Diebold Inc. has been fined by the Securities & Exchange Commission for allegedly bribing officials at government-owned banks in China and Indonesia to buy the firm's ATMs.
The North Canton, Ohio, company has agreed to pay $48 million to settle the charges, the SEC said in an Oct. 22 announcement.
SEC charged the firm under the Foreign Corrupt Practices Act which bars U.S. firms from bribing officials in foreign nations, among other things
According to court documents filed by the regulator, Diebold's bribes were often in the form of free trips to popular tourist destinations in the U.S., including the Grand Canyon, Napa Valley, Disneyland, and Universal Studios as well as Las Vegas, New York City, Chicago, Washington, D.C., and Hawaii.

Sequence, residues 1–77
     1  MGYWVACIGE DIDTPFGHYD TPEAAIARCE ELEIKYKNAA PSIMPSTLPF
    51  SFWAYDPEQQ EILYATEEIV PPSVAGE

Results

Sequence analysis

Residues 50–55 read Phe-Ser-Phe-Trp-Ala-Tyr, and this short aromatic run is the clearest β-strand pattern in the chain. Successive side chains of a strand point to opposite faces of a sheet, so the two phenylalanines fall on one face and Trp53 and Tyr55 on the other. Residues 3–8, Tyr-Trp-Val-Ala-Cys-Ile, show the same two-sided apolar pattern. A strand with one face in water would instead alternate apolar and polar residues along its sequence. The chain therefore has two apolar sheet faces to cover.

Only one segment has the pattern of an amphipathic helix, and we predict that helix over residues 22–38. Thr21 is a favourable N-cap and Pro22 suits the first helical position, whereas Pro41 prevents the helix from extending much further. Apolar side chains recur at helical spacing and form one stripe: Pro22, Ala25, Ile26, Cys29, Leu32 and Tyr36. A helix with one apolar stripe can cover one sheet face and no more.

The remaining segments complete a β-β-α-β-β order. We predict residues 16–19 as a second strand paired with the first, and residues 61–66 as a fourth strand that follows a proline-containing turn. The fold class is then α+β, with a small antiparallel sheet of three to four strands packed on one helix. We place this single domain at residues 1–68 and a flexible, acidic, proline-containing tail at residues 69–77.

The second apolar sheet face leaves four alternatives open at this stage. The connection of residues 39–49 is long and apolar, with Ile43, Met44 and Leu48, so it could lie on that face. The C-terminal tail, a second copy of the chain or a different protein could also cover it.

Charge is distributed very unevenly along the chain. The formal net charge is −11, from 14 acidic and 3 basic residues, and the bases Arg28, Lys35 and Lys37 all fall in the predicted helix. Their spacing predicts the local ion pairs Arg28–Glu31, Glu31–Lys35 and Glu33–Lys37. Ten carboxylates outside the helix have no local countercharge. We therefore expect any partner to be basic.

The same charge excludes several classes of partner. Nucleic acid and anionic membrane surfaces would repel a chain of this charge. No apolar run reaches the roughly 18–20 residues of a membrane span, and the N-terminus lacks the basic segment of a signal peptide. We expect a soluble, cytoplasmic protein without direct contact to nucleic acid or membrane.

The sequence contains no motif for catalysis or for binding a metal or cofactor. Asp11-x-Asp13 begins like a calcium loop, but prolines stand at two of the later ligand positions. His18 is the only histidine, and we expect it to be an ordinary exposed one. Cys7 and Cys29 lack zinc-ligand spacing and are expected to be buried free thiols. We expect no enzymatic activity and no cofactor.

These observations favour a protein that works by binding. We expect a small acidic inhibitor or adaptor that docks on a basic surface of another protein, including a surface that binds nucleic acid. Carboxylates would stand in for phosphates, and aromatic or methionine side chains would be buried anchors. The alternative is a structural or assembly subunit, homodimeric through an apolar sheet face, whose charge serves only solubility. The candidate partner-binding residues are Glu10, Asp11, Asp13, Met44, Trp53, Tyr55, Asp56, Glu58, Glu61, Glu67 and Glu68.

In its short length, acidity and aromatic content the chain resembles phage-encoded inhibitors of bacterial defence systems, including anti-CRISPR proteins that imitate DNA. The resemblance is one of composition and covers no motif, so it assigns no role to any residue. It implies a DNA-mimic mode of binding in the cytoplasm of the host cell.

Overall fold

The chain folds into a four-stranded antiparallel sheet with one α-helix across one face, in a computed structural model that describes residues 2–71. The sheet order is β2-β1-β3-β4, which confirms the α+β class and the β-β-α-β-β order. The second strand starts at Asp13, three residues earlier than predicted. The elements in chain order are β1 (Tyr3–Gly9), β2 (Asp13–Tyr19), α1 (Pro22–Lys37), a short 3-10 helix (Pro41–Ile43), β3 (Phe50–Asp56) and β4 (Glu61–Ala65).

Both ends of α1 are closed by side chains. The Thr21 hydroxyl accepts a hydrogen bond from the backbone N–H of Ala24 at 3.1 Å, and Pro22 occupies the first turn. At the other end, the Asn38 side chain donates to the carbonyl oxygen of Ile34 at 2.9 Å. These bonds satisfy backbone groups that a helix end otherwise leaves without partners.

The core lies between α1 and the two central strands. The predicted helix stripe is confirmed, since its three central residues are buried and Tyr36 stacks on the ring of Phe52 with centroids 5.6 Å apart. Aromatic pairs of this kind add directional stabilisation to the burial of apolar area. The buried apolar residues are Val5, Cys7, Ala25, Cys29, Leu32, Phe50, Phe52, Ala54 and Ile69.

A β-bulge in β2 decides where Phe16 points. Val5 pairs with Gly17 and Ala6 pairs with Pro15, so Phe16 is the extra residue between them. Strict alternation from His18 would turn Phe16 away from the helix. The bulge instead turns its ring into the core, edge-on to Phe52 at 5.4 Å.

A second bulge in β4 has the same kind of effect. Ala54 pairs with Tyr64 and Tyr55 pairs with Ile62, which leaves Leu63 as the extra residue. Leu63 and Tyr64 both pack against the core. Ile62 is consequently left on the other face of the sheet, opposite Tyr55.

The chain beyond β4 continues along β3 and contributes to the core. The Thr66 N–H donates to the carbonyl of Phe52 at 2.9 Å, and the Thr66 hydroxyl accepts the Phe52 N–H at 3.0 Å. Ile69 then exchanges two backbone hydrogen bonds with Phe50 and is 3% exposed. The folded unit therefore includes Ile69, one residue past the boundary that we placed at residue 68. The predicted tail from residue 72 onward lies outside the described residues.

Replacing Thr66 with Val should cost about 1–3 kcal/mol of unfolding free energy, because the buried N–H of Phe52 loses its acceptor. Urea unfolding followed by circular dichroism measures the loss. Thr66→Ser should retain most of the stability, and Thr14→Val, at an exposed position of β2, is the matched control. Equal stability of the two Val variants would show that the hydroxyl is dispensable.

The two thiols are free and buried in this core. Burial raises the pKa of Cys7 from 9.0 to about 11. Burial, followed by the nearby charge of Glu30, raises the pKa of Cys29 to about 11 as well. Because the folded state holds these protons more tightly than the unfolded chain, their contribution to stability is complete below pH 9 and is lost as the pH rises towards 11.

The regulator also charged officials were treated to European vacations, such as eight officials from a Chinese bank who took a two-week trip at Diebold’s expense that included stays in Paris, Brussels, Amsterdam, Cologne, Frankfurt, Munich, Salzburg, Vienna, Klagenfurt, Venice, Florence and Rome. Destinations of leisure trips for other officials included Australia, New Zealand and Bali.
All told, the SEC charged Diebold spent $1.8 million on the bribes and then entered them on its books in a way that was meant to hide the expenditures, the SEC said.
“A bribe is a bribe, whether it’s a stack of cash or an all-expense-paid trip to Europe,” said Scott W. Friestad, an associate director in the SEC’s Division of Enforcement. “Public companies must be held accountable when they break the law to influence government officials with improper payments or gifts.”